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Colorful birds get the chicks

A bright male House Finch, Carpodacus mexicanus. This guy should be a real chick magnet. Photo by John Pogacnik.

Females drive A LOT of what we males do. And not just behavior. Over the long haul, through a process known as sexual selection, the girls even can change our appearance.

At least that's the case with House Finches, and many other birds.

Sexual selection is an evolutionary bology term that speaks to the process of the development of certain traits that are driven by competition between members of one sex, in order to better attract members of the opposite sex. This, as might be expected, is much more pronounced in males.

Sexual selection was first proposed as a theory by Charles Darwin in his watershed book On The Origin of Species. In the 151 years since, scientists have taken sexual selection beyond the realm of theory, and learned much more about how the overwhelming urge to attract a mate and reproduce ultimately influences physical appearance.

The common House Finch, a songbird that now ranges far and wide across the North American continent and is abundant in Ohio, is a wonderful example of sexual selection. Male House Finches are quite variable in coloration, as anyone who has watched large numbers of them at their feeders knows. They can range from yellowish to orange to a rich rosy red, with all sorts of varying levels of intensity.

This variation in color certainly doesn't escape the discerning eye of the ladies. Geoff Hill at the University of Michigan suspected that color variation means a lot in regards to the ability of males to score with females, and designed an experiment to prove it. Using dyes, he created uber-finches that were super bright or, conversely, dimmed them down in intensity.

The result? The bright guys attracted more mates, and the females abandoned the nests of these pairings far less often than they did when dim guys were involved.

Why would female House Finches be attracted most strongly to the brightest males? Because these males tend to be better providers. They seem to be better foragers, and thus - as males help care for young - provide the nestlings with more food, upping their chances of survival. Bright colors in males also signal that they are healthy, as their coloration stems from carotenoid pigments from the food they eat. So, the brighter the finch, the better it is at finding food, which makes for a healthier bird, and ultimately a better provider for the young, in which the females invest a significant allotment of their resources to produce.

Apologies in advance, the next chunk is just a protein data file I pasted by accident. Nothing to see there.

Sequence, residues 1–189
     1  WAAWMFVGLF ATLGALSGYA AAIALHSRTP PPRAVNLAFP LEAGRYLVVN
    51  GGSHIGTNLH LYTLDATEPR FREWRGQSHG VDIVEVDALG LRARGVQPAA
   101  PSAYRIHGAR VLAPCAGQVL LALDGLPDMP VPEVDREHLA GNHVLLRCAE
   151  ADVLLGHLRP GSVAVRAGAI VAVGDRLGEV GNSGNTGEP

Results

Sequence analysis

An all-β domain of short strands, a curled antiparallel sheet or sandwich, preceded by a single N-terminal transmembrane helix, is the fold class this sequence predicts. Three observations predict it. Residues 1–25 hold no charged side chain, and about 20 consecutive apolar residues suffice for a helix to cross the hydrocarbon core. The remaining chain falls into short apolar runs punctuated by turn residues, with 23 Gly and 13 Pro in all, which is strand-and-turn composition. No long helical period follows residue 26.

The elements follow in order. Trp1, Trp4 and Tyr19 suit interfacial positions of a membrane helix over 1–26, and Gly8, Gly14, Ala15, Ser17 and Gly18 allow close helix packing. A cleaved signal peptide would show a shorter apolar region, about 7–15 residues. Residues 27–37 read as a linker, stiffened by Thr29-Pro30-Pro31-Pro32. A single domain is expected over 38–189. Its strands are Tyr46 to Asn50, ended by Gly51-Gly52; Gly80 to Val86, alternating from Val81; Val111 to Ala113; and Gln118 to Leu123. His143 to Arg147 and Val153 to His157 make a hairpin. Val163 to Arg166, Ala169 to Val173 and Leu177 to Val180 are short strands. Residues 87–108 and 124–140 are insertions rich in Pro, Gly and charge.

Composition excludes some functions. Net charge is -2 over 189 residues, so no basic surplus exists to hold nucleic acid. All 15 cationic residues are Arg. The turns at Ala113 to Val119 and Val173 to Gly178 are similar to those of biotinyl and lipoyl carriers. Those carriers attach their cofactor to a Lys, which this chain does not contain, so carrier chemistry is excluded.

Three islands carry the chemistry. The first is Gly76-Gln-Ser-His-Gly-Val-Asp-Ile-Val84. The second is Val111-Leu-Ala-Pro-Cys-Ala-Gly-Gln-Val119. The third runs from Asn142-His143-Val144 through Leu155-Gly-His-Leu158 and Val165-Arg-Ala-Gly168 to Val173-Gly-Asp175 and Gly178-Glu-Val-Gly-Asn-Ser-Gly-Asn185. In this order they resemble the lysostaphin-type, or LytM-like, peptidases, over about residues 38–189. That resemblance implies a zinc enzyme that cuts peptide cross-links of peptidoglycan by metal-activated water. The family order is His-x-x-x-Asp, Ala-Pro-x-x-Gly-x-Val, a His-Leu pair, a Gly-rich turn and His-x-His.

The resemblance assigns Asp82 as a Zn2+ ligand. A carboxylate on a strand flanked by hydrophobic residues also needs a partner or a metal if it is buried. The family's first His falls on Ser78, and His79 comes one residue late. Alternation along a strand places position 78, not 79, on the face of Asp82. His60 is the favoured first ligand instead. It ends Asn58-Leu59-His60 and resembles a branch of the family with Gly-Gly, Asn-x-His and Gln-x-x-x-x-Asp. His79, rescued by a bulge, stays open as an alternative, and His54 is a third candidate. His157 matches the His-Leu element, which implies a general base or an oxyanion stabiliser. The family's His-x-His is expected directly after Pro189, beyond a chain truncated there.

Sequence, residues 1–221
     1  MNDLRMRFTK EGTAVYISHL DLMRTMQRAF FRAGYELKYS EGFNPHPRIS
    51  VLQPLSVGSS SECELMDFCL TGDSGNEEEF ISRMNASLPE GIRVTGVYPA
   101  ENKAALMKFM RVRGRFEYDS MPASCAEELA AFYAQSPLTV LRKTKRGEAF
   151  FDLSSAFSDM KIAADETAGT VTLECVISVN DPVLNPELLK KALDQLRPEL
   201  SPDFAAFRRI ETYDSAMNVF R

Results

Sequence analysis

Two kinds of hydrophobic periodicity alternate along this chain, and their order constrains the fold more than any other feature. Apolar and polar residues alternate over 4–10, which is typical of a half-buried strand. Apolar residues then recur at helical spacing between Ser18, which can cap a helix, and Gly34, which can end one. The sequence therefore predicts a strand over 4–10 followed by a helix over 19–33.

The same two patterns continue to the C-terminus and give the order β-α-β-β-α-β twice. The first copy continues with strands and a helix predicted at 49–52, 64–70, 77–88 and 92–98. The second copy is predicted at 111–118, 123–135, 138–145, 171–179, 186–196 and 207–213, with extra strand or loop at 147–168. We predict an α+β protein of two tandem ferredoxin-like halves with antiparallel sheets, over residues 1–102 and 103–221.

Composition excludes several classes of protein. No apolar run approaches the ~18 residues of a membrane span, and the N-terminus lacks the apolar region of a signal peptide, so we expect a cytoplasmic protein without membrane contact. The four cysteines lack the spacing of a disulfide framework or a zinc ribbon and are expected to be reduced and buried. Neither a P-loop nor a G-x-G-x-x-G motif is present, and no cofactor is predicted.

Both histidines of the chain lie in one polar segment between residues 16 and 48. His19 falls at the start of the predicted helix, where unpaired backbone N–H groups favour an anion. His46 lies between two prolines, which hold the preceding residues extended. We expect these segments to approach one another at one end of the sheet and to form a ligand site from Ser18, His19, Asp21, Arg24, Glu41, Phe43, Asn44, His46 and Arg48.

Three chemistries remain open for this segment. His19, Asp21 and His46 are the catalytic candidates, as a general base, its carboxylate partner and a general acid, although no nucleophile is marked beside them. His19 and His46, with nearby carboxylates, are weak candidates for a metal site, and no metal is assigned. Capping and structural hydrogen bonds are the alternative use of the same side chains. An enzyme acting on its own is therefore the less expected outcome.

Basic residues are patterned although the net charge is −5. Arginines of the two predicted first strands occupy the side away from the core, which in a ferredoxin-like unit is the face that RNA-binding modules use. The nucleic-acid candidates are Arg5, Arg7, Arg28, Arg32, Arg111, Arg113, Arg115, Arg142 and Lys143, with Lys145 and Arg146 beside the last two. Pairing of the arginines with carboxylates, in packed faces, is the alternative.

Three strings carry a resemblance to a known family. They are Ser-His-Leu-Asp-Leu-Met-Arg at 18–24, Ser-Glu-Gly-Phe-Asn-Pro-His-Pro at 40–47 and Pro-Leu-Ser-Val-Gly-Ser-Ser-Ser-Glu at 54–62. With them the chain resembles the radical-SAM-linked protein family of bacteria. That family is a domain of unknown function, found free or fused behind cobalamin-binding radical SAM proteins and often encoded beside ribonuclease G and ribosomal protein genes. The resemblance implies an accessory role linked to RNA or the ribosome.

So, over the long haul, one would expect male House Finches to become increasingly colorful, as the genes of the brightest males are constantly favored in the process of sexual selection and passed along to the offspring.

I wonder what House Finches will look like in 25,000 years?

Comments

dAwN said…
Yeah.. What will they look like? Cardinals? Interesting..wonderful post as always Jim..
Anonymous said…
So Jim, are you going to start wearing only hot pink outfits from now on? Lol.
Jim McCormac said…
Glad you enjoyed the post, dawn, thanks for the comment!

"Anonymous": um, no thanks, I prefer cross-assortative mating. But really great comment. Really.
flux biota. said…
can you make a blog entry about anomolies in the bird world? I found this entry pretty interesting.
Birding is Fun! said…
Love your blog Jim and the interesting content. At what point does bright color become a liability due to increased exposure to predators? Does predation keep the color evolution more stable?
Jim McCormac said…
Glad you liked the post, Flux Biota - I'll see what I can do.

Good question, Birding is Fun, and I don't know the answer. Only time will tell, and I doubt any of us will be around long enough to see if House Finches brighten up to the level of male Northern Cardinals or beyond.

It's been estimated that Purple and Cassin's Finches split from their House Finch-like ancestor some 9.3 million years ago, and all of these species are still pretty similar.

Evolution can take a LONG time.

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